A trip report, flying Toronto to Lahore in PIA economy…

.. No, it wasn’t me.

Saria sends along this story of flying Pakistan International Airlines (PIA) from Toronto to Lahore. In coach. And I realize that this story is repeated across airline and flight, worldwide.

Patriotism demands that we fly by PIA, also because no one else does. The airline must be doing fantastic business since all its flights are always fully booked regardless of a date or destination. The reasons routinely given are: School holidays, Haj season, wedding season, summertime vacations, while winter is traditionally a convenient time for expatriates to visit families back home and, at times, even excuses like the excitement generated by a new batch of senators and people rushing back to Pakistan to watch the spectacular oath-taking ceremony. Reports about the airline losing money appear as a clever ploy to wangle money out of the IMF and the naive ‘Friends of Pakistan’. It’s only when you board a plane that you find it half empty.

I get to the airport way earlier than advised with the determination of getting a window seat this time. Once again they’re all gone, reserved by wizards who had not yet made it physically to the check-in counters. I present the ticket putting on an act of being unwell, having bad back, point to my hip joint that needs replacing, and even make up a story of knowing President Zardari personally.

It is a long wait and finally the flight is announced. Passengers with children are asked to come forward. Bunches of ten or more adults with every child make up the front of the line. It is the first time I find out that it takes ten adults to produce one child.

The haughty attitude displayed by the cabin crew is a clear sign of them being government officers with discretionary powers and not mere employees of some commercial organization. One doesn’t ask, but begs for a glass of water.

Come to think of it, sounds like United too…

About Gary Leff

Gary Leff is one of the foremost experts in the field of miles, points, and frequent business travel - a topic he has covered since 2002. Co-founder of frequent flyer community InsideFlyer.com, emcee of the Freddie Awards, and named one of the "World's Top Travel Experts" by Conde' Nast Traveler (2010-Present) Gary has been a guest on most major news media, profiled in several top print publications, and published broadly on the topic of consumer loyalty. More About Gary »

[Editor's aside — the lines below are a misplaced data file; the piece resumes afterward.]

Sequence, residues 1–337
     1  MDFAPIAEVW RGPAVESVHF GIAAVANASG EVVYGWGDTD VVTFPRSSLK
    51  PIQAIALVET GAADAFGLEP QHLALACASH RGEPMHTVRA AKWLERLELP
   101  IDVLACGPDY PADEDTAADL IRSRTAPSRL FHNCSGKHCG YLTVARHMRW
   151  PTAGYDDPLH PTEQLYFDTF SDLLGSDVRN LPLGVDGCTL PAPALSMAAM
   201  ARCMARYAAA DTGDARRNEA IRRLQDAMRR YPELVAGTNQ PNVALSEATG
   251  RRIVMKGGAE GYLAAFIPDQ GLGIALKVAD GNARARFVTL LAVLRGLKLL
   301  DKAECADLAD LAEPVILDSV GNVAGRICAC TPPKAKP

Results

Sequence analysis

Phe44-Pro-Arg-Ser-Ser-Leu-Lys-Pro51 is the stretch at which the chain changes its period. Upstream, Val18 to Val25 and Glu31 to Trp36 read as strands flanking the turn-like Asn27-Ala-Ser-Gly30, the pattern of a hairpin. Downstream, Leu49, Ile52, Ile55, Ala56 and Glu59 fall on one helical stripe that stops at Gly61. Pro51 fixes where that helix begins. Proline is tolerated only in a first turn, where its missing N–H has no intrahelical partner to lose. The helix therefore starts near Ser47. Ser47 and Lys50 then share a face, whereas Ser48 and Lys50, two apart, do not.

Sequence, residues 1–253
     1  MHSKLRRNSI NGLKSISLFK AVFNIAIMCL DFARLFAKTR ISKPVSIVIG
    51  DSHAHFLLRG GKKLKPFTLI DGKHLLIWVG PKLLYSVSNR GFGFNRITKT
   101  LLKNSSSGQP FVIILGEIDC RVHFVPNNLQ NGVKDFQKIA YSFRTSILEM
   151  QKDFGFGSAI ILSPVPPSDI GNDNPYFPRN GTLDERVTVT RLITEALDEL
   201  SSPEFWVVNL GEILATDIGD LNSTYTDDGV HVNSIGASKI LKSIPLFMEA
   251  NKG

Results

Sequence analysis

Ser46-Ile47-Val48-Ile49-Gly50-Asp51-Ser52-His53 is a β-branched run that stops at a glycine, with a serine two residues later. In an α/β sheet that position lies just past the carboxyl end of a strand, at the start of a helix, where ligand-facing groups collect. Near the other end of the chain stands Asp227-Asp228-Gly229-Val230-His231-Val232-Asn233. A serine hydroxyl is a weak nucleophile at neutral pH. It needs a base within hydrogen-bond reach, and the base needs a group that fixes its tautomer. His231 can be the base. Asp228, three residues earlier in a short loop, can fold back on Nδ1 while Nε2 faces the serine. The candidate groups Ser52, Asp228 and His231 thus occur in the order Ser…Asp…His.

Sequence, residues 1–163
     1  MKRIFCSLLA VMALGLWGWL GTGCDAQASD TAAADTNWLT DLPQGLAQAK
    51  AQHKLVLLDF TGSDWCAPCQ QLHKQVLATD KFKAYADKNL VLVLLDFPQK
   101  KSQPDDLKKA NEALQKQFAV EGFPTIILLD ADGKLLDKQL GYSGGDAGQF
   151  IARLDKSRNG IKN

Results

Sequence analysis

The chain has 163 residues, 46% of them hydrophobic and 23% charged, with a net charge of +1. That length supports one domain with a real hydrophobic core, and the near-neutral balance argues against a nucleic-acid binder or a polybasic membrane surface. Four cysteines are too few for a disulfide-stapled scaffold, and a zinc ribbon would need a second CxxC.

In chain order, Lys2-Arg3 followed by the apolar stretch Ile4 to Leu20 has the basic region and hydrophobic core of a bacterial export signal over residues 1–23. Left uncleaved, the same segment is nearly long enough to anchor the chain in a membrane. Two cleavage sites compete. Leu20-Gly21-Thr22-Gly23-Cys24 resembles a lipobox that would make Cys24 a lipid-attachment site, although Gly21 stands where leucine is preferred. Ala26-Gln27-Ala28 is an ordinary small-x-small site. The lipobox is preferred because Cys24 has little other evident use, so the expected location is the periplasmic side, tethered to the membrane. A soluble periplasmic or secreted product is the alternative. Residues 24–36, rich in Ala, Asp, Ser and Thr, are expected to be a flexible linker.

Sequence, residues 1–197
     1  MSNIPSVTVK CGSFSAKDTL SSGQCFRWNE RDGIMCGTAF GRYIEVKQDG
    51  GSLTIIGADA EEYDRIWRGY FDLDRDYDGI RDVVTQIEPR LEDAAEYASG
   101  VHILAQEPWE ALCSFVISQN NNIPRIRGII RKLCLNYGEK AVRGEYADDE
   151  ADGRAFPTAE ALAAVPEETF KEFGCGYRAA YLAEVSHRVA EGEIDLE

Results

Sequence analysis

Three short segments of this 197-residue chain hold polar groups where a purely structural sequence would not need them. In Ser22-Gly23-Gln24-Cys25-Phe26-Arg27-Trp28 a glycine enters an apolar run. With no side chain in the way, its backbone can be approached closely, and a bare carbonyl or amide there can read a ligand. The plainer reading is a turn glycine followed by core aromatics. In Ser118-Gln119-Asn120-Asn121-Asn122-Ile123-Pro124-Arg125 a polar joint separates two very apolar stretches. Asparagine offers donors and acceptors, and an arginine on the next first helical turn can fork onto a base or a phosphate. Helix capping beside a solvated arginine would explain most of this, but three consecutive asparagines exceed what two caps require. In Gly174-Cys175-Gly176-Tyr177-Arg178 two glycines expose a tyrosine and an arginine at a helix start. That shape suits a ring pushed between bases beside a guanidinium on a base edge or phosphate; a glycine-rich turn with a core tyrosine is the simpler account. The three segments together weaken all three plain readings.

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Comments

  1. Gary – sadly this is 100% true. While I have not flown PIA, the situation is the exactly the same when you fly Air India on their transcontinental flights. Somehow, Indian and Pakistani nationals (primarily the first generation) prefer to fly Air India or PIA despite the shortcomings. As a second generation Indian, I have taken Singapore to India and had no issues.

    As a 1K flyer on United, there is no situation that can compare to flying on Air India or PIA.

  2. I feel like this on LAX-HKG on Cathay Pacific when 3/4 of the flight are South Asians. I guess they must route from there on to their final destinations, but I think the description that the author gives is spot on.

  3. @Shirish I was sorta kidding about the United comparison…

    @Sam there’s a much fuller descri;ption of the story at the link, I just shared a few snippets.

  4. This is very typical of Air India flights. Maybe not this bad but certainly there is a prejudice to Indian customers, as if we are somehow inferior. It is unfortunate that some airlines have similar treatments when flying into or out of India. Typically on the second segment flying out of europe into US, I see a dramatic change in attitude even when we are one among many other passengers. But when the flight is full of Indians, the attendants are irritated, curt, arrogant and unprofessional. Maybe it is us but I cannot see them treating a foreigner in such a manner even if he or she is flying in/out of India.

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